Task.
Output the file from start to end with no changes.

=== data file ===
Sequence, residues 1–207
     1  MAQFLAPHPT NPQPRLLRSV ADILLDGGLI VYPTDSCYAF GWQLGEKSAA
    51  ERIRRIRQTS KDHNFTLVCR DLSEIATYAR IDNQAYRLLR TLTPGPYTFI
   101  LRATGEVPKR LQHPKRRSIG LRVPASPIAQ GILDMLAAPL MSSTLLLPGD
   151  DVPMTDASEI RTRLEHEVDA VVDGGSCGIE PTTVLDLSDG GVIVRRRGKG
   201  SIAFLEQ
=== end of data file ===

Sequence, residues 1–207
     1  MAQFLAPHPT NPQPRLLRSV ADILLDGGLI VYPTDSCYAF GWQLGEKSAA
    51  ERIRRIRQTS KDHNFTLVCR DLSEIATYAR IDNQAYRLLR TLTPGPYTFI
   101  LRATGEVPKR LQHPKRRSIG LRVPASPIAQ GILDMLAAPL MSSTLLLPGD
   151  DVPMTDASEI RTRLEHEVDA VVDGGSCGIE PTTVLDLSDG GVIVRRRGKG
   201  SIAFLEQ